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There were mythic sports figures before him - Babe Ruth, Joe Louis, Joe DiMaggio - but when Cassius Clay burst onto the sports scene from his native Louisville in the 1950s, he broke the mould.
He changed the world of sports and went on to change the world itself.
As Muhammad Ali, he would become the most recognised face on the planet. Ali was a transcendent athlete and entertainer, a heavyweight Fred Astaire, a rapper before rap was born. He was a mirror of his era, a dynamic figure in the racial and cultural battles of his time.
This unforgettable story of his rise and self-creation, told by a Pulitzer Prize-winning writer, places Ali in a heritage of great American originals.
About the Author
David Remnick is the editor of the New Yorker. He began his career as a sportswriter for the Washington Post and won the Pulitzer Prize in 1994 for Lenin's Tomb. He is also the author of Resurrection and The Devil Problem and Other True Stories, a collection of essays. He lives in New York City with his wife and two sons.
An extraordinary book, meticulously researched and fluently written by a Pulitzer Prize winner. Remnick tells a story which, without his help, would be hard to fatham now. Ali Rose to re-define a sport that had been defined by Good Negroes (such as Floyd Patterson) and Bad Negroes (such as Sonny Liston, with who's life, interestingly, Mike Tyson wholly identifies). Ali brought the ring craft and speed of a middleweight to a division that presumed that Liston was unbeatable. Having seen Liston stay on his stool rather than fight on, Ali then shocked America by turning to the Nation of Islam. In a single move, he became the first heavyweight of recent times not to be 'owned' by the Mafia and became a demon to large parts of America, both white and black that saw the 'Black Muslims' as a threat as big as communism. Ali's fight for black civil rights is part of history now, so to read it as a blow-by-blow account is a revelation for those too young to remeber. Patterson defined himself as a good black man fighting a segregationist evil, while another (black) fighter Ernie Terrell refused to use Ali's Islam name and insisted on calling him Cassius Clay. Ali's response was to prolong the fight, jabbing his already beaten opponent in the face, shouting 'What's my name? What's my name?'. The book takes us up to Ali's refusal to be drafted into the Army to fight in Vietnam 'I ain't got no quarrel with them Vietcong'), a stance for which he was vilified at the time, but one which finally gained him respect, as the unjustness of the war sank in. He now transcends his sport ('Ali and boxing are two different subjects, as his doctor says) and has become an icon. This tells the story of the building of that icon. Social history, sport and biography in one superb bundle. (Kirkus UK)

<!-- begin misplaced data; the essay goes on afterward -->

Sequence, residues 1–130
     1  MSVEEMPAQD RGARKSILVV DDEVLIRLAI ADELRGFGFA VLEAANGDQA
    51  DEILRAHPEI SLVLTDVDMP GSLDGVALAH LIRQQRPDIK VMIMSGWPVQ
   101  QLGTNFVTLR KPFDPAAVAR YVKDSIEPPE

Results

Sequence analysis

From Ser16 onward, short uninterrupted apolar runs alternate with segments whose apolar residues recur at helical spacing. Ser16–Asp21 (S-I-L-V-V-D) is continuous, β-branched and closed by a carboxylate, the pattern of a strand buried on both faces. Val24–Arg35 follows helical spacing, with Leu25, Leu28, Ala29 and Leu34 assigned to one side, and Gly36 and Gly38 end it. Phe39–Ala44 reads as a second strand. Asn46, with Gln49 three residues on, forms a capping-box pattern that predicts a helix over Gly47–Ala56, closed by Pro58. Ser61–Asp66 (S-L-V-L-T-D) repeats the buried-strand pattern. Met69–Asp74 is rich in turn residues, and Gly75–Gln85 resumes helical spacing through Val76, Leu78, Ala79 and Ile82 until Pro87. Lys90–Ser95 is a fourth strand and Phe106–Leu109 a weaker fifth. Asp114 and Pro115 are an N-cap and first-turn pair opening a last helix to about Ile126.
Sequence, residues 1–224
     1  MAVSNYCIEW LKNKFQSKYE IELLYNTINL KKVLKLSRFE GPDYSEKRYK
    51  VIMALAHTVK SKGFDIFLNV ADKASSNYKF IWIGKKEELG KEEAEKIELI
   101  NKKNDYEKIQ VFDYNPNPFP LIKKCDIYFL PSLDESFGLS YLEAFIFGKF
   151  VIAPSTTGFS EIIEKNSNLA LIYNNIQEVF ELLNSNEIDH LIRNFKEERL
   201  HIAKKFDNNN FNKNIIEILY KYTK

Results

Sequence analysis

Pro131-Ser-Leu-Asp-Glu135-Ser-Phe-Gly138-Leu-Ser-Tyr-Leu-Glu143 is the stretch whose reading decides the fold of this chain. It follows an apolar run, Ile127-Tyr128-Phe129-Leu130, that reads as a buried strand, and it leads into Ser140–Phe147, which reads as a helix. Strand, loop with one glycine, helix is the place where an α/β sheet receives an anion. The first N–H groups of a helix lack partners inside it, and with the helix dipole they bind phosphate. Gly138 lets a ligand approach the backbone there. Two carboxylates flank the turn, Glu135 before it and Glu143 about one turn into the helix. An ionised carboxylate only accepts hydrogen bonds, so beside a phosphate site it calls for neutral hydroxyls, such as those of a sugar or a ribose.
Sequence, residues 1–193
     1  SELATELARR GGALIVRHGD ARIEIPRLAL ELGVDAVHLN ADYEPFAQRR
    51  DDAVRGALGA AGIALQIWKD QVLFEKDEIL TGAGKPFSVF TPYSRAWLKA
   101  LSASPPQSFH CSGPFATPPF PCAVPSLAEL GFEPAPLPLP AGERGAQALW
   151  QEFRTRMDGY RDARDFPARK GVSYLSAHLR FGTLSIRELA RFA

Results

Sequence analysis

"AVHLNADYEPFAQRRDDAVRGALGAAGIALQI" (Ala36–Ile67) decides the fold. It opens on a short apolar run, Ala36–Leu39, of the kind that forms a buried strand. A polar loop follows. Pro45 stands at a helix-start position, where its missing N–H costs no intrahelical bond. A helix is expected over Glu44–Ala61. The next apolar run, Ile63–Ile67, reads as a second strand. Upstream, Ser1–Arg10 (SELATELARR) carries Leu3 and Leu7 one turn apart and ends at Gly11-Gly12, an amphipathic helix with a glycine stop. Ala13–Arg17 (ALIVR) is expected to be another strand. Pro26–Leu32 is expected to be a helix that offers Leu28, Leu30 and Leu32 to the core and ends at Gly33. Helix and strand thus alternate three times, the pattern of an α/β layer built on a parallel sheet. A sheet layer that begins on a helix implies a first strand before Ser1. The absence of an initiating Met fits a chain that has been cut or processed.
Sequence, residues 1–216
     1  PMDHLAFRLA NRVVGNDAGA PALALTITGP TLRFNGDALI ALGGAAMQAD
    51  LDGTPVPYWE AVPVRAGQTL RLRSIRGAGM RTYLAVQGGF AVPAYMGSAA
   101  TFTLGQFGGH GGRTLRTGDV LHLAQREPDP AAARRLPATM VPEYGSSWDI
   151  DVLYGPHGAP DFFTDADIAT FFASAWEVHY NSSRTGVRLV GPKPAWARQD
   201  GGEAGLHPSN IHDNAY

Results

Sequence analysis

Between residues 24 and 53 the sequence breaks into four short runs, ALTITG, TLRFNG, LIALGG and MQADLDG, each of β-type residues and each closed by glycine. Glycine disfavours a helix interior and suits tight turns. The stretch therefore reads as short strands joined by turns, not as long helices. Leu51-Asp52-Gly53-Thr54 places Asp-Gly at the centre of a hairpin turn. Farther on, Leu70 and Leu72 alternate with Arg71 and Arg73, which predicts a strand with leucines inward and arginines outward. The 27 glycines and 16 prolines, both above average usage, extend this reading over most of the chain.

Published: 1st March 2000
Dimensions (cm): 19.7 x 13.0 x 2.5
Weight (kg): 0.33